Railroad executive, Goldsboro native dies
By Special to The News-Argus
Published in News on May 21, 2009 1:46 PM
Norfolk Southern Railroad's second chairman, Arnold B. McKinnon, a native of Goldsboro, died Tuesday in Washington D.C. A resident of Norfolk, Va. He was 81.
McKinnon served as the railroad's chief executive officer from 1987 to 1992.
For three years in a row, from 1990 through 1992, Financial World magazine named him one of the best chief executives in U.S. industry.
Under his guidance, Norfolk Southern increased productivity and launched the Thoroughbred quality improvement process.
McKinnon accepted the modern Norfolk Southern's first Harriman Gold Medal Award for employee safety, beginning a 19-year run.
After his retirement as CEO, McKinnon continued service on NS' board of directors until 2000, helping guide the company through the early stages of the Conrail transaction that increased the railroad's size by half and positioned it for long-term growth. In 2007, NS named its headquarters building in Norfolk in his honor.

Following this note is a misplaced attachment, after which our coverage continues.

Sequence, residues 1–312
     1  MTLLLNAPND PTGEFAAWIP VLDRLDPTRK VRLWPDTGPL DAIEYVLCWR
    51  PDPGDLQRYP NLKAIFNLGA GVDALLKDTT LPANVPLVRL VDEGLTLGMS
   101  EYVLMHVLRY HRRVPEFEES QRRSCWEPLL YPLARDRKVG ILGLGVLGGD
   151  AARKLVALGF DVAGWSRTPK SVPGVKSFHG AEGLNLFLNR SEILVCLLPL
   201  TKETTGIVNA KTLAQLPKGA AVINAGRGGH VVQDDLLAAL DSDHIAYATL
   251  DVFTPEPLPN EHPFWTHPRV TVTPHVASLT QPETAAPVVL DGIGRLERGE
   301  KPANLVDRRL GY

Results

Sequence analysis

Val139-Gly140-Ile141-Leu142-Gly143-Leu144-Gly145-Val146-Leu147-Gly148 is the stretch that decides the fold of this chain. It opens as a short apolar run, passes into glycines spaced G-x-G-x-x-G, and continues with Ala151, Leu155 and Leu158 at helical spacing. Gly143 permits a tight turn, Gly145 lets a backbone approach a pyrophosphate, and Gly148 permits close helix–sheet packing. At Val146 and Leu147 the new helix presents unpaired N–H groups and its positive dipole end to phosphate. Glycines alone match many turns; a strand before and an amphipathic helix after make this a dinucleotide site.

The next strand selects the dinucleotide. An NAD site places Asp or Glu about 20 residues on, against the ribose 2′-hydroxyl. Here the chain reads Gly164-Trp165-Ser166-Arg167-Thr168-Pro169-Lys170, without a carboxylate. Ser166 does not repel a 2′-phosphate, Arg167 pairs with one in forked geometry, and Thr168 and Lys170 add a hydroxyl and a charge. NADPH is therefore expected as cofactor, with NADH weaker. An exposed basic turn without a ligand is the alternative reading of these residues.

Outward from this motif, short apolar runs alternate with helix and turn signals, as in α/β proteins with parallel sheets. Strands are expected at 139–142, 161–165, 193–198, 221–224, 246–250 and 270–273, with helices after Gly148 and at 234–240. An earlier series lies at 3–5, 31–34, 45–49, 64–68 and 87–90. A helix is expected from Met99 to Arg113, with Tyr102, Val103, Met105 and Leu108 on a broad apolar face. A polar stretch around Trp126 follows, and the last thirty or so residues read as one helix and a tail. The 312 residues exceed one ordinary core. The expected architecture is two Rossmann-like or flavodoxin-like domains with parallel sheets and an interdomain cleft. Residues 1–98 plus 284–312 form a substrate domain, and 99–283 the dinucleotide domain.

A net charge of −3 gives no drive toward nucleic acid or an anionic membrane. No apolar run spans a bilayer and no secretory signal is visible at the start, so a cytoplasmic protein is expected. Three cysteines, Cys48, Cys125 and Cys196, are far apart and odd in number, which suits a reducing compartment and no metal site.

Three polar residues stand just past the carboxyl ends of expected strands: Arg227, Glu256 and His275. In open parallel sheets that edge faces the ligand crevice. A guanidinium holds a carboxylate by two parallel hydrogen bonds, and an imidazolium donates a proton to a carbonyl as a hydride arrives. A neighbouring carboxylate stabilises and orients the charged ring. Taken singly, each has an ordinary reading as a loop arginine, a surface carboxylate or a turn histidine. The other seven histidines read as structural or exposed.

"So much of what Norfolk Southern is today, we owe to Arnold," said NS CEO Wick Moorman.
"Many of his ideas became part of our guiding principles. He was, quite simply, a remarkable railroader and a wonderful person. We share in his family's loss, and we understand how much better we are for having known him."
McKinnon, who grew up in Lumberton, joined NS predecessor Southern Railway in 1951 as a law assistant. Among other positions, he was named vice president law in 1971 and executive vice president law and finance in 1981.
When Southern consolidated with Norfolk and Western Railway to form Norfolk Southern Corp. in 1982, McKinnon was named executive vice president marketing. He developed the company's new marketing structure and refined the concept of "the railroad as a service organization," a critical distinction since partial deregulation of the industry had just gone into effect.
In 1987, McKinnon was named chairman, president and chief executive officer.
Other Local News
- Care in the sky: Members of the aeromedical evacuation crew fight to get injured troops back to their families